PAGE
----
I am writing in regard to the article in the July 17 edition on ``Taking back the reins,'' a common problem with owner-managers who do not know when and how to exit their business. Having gone through this experience in Australia some 21/2 years ago, I thought it might be fun to share the journey and explain to your readers what to look for and how to go about the change.
I began my plastics company with a bag maker in a tiny way in 1968. I am now 47. My company is the largest independent flexible packaging company in Australia involved in extrusion, printing, converting and laminating. I departed from my job of running the business in January 1993 with the original idea of studying at Harvard and taking about a year off. After some six months in America I decided with my family to stay here and begin again. After all, that's what I enjoy most - building a business vs. administering a company.
Prior to leaving, I approached a person who I asked to run the business for one year only whilst I took that time off. Whilst in the USA I requested he stay longer and proceeded to put together a profit-sharing plan and decided to run the business by exception. I have excellent reporting systems and receive vital ``hot button'' information each night, such as plant utilization, bank balances, order intake, product-out-the-door against budget, etc. Of course there are always problems with any business, but I must say that I am delighted to be liberated and let the others get on with the day-to-day work which is really a ``killer.''
I now only concentrate on policy, strategy, funding and negotiating for plant and equipment. By agreeing on profit budgets and disciplining myself not to get involved in the day-to-day activities is the only way this can work.
In summary, the business has grown and I have added value to the business. The new president is talented and has clearly picked up some opportunities that I missed, which is also understandable given that one gets tired and insular after such a long time at the helm. He also has skills and talent that I clearly do not.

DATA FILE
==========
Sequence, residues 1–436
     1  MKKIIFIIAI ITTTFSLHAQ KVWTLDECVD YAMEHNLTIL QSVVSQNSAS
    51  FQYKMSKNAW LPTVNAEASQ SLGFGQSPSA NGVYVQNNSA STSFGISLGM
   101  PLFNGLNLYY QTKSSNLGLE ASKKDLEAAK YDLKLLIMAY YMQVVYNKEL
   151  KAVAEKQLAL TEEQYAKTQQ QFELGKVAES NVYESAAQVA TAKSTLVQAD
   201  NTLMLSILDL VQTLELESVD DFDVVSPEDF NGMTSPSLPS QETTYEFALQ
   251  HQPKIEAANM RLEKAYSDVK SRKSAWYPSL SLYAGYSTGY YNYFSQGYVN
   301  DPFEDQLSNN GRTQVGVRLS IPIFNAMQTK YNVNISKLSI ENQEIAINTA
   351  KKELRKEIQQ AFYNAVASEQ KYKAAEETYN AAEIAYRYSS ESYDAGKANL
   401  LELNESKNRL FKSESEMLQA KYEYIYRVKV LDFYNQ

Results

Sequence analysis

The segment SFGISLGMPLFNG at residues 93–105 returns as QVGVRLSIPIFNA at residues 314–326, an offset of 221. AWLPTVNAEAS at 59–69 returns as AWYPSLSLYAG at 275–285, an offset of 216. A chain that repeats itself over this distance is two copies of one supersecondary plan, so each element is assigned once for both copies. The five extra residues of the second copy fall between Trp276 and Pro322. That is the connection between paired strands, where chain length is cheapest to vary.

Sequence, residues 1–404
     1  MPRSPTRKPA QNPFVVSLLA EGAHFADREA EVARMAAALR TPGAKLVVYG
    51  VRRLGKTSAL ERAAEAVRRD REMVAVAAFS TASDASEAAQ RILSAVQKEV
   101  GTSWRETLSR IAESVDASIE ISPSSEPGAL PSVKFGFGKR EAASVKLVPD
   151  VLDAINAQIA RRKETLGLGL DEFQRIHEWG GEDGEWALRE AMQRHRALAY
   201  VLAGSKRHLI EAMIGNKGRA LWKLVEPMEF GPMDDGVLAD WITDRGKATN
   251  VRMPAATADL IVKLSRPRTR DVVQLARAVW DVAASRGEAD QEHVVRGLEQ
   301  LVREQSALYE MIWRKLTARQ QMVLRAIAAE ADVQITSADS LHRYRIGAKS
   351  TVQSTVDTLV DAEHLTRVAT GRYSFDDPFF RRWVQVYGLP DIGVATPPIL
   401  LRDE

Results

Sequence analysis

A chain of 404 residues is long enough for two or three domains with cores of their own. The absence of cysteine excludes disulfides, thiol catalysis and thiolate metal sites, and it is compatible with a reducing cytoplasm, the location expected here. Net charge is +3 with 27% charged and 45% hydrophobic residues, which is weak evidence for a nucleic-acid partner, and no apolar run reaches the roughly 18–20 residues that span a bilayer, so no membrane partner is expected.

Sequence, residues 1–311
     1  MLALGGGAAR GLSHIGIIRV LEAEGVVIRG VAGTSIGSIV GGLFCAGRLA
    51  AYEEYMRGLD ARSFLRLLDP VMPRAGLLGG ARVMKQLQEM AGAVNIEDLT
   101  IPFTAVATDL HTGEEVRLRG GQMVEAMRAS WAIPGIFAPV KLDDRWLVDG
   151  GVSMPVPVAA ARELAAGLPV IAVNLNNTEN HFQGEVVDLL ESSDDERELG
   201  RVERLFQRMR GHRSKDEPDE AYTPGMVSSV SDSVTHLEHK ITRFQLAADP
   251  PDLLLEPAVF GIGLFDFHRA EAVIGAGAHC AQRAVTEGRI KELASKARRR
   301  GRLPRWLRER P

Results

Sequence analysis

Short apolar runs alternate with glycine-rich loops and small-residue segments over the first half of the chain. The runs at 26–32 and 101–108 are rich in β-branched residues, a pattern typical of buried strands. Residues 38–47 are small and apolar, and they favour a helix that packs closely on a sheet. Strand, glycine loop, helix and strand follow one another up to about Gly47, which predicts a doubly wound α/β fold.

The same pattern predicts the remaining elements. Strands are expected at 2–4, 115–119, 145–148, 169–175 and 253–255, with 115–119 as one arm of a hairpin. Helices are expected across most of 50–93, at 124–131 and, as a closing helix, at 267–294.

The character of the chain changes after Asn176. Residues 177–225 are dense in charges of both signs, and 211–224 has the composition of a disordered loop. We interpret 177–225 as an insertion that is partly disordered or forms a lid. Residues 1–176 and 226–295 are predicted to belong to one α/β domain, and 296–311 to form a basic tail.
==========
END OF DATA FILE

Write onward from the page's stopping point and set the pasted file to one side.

Why don't more owner-managers do this? It all has to do with our ``comfort zone.'' It has a lot to do with fear! I was not looking for another ``me.'' I was looking for a hungry, driven, focused individual who was truly wishing to put his footprint on the business and take it to another level. There are many large successful companies throughout the world and they are not all owned by the manager. Knowing this, the challenge was to find someone with the energy and intelligence to move it further. I am delighted with the outcome. Other than traveling to the plant once each two months, I have left it to them!
I do not wish to make the above sound simple. However, it is possible and the rewards are outstanding, if handled correctly. I am now free to begin my second business in the same industry here in Georgia.
Finewrap USA Inc.
Work for what you want
I'd like to look at Mr. Bobruk's Aug. 7 response (Mailbag, Page 6) to Clare Goldsberry's article on the welfare system from another perspective.
It is my contention that the average American worker supports a minimum of three families on his or her paycheck:
Someone on welfare.
Senior citizens (through social security and Medicare taxes).
His or her own family.
At age 36, I am weary of the perpetual cries of the rights being denied to someone else. I tire of watching someone complain of the lack of quality of life, when they are doing nothing to change the situation. Usually, those complaining are being supported by my tax dollars, while my family battles budget problems.
What's wrong with America is the ``you owe me'' attitude. It is my firm belief that not one person is owed anything. If you want it, work for it. If you don't want to work for it, don't complain, because I, for one, am tired of hearing about it. No one is too good to work, and no job is beneath any person. Just ask the employers who can't fill available positions.
Chagrin Falls, Ohio